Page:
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People's Daily Online>>China Business

China grocery market now world's biggest

By Chen Yang (Global Times)

09:42, April 05, 2012

China has overtaken the US as the world's biggest food and grocery retail market, a report said Wednesday, indicating the country's robust purchasing power for basic consumer goods amid a global slowdown.

The Chinese grocery sector was worth 607 billion pounds ($964 billion) in 2011, while the US market came in at 572 billion pounds last year, said a report released Wednesday by the Institute of Grocery Distribution (IGD), a British grocery consultancy.

The grocery market in China is forecast to be worth 918 billion pounds by 2015, the report said.

Its definition of the grocery sector includes modern retail formats, such as supermarkets and hypermarkets, and traditional retail formats, such as open-air markets and bakers.

"China's fast expansion has been fueled by three main factors: rapid economic growth, its large population and rising food inflation," said Joanne Denney-Finch, chief executive of IGD.

"The report shows Chinese people's robust purchasing power for basic consumer goods, especially food," Wang Xianqing, director of the Institute of Economics at Guangdong University of Business Studies, said Wednesday.

However, domestic residents' spending on advanced consumer goods and services, such as autos, tourism and education, is still lower than in developed economies, Wang said.

The average retail spending per person was 13,420 yuan in China last year, accounting for only one-seventh of the amount in the US, Zhang Zhigang, head of the China General Chamber of Commerce, said at a forum in Beijing Monday.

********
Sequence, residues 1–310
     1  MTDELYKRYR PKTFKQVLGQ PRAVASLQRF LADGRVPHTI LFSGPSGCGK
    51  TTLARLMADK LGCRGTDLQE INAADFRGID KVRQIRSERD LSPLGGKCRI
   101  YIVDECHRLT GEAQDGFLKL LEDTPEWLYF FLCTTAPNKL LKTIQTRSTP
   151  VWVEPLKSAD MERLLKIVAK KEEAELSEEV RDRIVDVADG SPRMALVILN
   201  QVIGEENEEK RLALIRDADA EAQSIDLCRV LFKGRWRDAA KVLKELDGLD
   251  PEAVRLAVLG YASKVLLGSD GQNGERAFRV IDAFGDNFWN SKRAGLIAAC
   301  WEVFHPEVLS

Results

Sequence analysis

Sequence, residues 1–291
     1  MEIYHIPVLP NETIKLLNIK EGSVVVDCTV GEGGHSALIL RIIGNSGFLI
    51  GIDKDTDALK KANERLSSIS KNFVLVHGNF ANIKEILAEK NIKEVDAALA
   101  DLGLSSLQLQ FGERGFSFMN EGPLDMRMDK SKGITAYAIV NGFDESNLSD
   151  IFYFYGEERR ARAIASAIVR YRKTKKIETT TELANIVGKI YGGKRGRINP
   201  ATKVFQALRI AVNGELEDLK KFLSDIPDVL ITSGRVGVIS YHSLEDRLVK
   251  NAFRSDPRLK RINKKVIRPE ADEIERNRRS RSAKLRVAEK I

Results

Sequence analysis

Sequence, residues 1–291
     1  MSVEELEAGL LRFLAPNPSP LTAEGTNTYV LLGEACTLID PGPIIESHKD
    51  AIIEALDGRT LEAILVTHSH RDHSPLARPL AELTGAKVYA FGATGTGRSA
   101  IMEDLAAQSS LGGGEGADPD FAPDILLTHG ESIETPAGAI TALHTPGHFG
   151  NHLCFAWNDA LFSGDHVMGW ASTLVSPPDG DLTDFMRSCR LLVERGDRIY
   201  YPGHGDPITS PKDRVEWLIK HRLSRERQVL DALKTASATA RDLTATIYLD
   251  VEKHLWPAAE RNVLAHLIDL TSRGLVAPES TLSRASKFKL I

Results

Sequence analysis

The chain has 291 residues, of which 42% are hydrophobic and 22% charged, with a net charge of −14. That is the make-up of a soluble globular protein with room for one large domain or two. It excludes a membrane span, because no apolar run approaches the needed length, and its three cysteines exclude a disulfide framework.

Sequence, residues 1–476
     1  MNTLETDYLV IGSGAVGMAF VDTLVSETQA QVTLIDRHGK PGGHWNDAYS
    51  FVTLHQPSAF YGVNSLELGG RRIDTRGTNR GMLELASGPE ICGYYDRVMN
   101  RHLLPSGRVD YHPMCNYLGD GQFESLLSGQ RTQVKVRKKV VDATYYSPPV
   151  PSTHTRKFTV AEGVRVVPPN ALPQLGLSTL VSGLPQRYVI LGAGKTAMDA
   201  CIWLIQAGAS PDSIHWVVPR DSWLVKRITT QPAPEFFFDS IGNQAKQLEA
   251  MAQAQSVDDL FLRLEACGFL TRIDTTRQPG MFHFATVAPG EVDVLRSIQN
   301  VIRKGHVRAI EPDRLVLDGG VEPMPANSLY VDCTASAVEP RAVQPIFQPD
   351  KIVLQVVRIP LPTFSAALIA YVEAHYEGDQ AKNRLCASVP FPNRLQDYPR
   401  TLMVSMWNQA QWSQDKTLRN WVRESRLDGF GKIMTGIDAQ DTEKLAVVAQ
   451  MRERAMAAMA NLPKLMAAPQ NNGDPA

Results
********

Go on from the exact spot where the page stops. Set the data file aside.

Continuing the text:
The primary task of structural adjustment of China's economy is to expand domestic demand, Chinese Vice Premier Li Keqiang said Monday at the opening ceremony of Boao Forum for Asia.

The Ministry of Commerce launched a month-long consumption stimulus program Monday, with at least 80,000 companies including retailers and catering firms set to join the initiative.

People's low incomes and lack of efficiency in logistics systems are the two main reasons preventing rapid growth of domestic consumption, Wang said.

The average salary in the Chinese mainland is $656 per month, less than half of the world's average salary of $1,480, according to a report from the International Labor Organization published last month.

The average salary is based on purchasing power parity calculations.

"Factors such as fuel costs, road tolls and retailers' excessive charges to suppliers have contributed to high logistics costs and pushed up consumer prices," Liu Hui, a consultant at Uni-retail Business and Management Co, told the Global Times Wednesday.

"Authorities have recognized these problems and launched campaigns to crack down on retailers' excessive charges and illegal highway tollbooths," Liu said. "But more measures could be adopted to stimulate domestic consumption, such as lower tariffs on some luxury goods."

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